Giving itself an " 'A' any way you measure it" on its report card for aid to black colleges and universities, the Reagan administration announced yesterday that in the past year its aid to those schools increased by $19.6 million to $564.5 million.
Secretary of Education Terrel H. Bell said the administration is seeking to give the schools the most federal aid possible by helping them compete for federal grants and research projects. But Bell was quick to add that the administration did not set aside any money for the black schools.
In not showing favoritism, "We imposed the same high standards on ourselves that we are asking of other levels of government in meeting our country's commitment to education," he said. "We did not settle for any short cuts in making the grade."
The special emphasis on aid to the black colleges, Bell said, recognizes their "unique contribution" to educating blacks, graduating 85 percent of the nation's black lawyers and doctors, 75 percent of its black PhDs and military officers and half the black business executives.
Bell added that some of the historically black schools now have 50 percent white enrollment and said it is not the administration's intent to foster segregation by supporting mostly black colleges as a separate system of higher education.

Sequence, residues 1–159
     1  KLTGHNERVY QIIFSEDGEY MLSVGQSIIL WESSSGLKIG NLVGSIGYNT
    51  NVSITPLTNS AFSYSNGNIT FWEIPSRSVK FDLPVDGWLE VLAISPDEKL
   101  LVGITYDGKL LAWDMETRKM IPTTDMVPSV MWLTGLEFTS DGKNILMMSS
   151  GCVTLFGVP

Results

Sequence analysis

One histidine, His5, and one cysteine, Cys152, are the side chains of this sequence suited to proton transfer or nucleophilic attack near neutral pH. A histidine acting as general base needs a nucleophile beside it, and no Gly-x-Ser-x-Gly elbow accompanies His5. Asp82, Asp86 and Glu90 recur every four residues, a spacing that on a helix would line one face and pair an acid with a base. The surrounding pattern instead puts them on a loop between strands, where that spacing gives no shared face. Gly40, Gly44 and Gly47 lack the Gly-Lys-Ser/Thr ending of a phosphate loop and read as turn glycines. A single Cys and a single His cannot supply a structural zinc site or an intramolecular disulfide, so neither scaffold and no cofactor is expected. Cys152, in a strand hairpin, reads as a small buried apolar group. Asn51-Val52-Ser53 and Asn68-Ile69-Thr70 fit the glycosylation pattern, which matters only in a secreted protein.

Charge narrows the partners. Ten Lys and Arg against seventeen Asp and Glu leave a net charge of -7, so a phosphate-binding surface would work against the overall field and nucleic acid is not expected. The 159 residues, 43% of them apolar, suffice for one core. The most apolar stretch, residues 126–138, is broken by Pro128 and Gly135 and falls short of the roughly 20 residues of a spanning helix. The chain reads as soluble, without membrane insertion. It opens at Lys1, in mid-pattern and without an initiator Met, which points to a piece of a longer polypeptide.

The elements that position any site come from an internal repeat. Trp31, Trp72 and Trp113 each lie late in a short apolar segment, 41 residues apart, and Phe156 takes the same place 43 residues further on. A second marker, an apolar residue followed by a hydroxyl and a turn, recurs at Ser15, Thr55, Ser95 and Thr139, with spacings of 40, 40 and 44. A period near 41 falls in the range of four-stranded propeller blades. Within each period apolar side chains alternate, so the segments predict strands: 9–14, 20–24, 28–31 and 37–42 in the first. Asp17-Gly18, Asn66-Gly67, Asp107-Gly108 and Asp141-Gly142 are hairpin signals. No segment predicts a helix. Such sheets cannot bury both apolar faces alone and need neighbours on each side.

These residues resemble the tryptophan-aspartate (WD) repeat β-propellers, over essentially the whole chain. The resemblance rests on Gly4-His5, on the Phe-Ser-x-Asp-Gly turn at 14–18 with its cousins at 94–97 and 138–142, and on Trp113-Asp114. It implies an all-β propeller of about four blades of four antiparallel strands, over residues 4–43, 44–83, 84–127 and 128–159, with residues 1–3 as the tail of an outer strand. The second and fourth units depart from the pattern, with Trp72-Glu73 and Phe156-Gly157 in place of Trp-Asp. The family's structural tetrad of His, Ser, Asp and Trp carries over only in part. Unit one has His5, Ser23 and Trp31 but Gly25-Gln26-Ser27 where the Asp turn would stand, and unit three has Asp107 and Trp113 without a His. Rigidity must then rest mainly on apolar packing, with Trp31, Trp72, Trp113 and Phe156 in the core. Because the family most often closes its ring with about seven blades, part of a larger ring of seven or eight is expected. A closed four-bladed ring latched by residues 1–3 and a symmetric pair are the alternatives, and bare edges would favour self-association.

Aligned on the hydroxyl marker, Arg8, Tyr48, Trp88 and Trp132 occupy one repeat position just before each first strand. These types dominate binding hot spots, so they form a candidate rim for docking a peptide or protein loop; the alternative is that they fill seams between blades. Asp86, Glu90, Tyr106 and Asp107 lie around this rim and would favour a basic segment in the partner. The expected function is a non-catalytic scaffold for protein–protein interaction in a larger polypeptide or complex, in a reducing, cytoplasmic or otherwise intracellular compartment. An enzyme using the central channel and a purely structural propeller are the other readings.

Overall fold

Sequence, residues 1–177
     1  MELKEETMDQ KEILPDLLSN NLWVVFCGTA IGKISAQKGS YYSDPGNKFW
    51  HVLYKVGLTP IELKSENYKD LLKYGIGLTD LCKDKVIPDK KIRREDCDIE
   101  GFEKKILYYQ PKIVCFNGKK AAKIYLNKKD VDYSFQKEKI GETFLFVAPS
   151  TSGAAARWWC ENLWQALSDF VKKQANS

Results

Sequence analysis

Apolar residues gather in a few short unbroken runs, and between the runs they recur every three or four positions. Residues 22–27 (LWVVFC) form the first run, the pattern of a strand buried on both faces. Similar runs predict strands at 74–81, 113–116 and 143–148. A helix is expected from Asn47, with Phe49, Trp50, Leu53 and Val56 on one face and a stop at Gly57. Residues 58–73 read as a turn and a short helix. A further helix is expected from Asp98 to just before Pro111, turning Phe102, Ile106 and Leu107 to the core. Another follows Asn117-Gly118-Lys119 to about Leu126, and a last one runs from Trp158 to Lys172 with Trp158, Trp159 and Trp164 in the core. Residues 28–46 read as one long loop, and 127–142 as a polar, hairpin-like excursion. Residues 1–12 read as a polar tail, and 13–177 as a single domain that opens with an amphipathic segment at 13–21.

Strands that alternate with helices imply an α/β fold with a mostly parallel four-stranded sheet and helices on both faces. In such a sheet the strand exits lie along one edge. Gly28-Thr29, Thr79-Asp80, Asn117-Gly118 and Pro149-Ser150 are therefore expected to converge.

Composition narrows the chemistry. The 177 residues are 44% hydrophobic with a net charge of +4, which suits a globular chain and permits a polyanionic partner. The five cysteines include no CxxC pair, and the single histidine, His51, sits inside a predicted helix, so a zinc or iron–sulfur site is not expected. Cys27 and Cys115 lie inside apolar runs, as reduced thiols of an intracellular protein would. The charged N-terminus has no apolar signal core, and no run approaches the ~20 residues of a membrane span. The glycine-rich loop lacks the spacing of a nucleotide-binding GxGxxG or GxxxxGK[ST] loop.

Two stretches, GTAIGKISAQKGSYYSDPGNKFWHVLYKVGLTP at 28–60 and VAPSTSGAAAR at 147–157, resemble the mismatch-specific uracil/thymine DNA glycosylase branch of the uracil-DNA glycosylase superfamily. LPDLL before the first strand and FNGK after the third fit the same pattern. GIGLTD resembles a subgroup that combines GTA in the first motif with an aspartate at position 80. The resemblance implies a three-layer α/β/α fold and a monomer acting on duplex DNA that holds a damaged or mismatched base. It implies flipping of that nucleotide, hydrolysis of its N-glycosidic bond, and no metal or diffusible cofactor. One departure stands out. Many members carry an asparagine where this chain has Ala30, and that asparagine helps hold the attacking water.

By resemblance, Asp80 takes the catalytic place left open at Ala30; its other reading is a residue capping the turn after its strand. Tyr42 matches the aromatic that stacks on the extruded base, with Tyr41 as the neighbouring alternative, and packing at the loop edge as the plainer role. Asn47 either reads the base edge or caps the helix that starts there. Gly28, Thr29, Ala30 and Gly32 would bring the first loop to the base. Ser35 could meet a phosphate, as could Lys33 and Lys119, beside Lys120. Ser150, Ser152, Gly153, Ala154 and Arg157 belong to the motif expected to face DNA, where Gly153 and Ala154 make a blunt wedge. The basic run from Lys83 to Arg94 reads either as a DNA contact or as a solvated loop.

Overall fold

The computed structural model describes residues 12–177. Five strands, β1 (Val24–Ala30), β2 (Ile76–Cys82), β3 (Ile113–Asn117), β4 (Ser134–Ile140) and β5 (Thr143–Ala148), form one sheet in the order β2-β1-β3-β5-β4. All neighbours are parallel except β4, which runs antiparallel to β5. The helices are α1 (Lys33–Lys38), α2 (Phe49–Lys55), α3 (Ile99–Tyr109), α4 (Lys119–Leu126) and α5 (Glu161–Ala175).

But Bell said that encouraging desegregation of the nation's colleges has proven "difficult" for the adminstration because students choose where to attend school and whites do not select the black schools.
Bell said that the administration sees a need to aid black schools despite growing integration because they play an important role in helping black students who drop out elsewhere or seek special instruction. He noted that while only 20 percent of black college students attend black schools they account for 40 percent of black students who earn degrees.
As examples of how the federal grants are being used by the black schools, Bell cited Morehouse College for developing a medical school--the third at a black college or university--through a matching grant from the Department of Education. He said Texas Southern University is creating a banking, insurance and financial-management center and South Carolina State College is starting a program of micro-computer-assisted instruction.
In a report to the president and the Cabinet Council on Human Resources yesterday, Bell reported that the 115 black schools received $564.5 million in federal grants and contracts during 1982, 5.7 percent of all federal dollars for higher education, while educating 200,000, or 1.7 percent, of the nation's 12 million college students.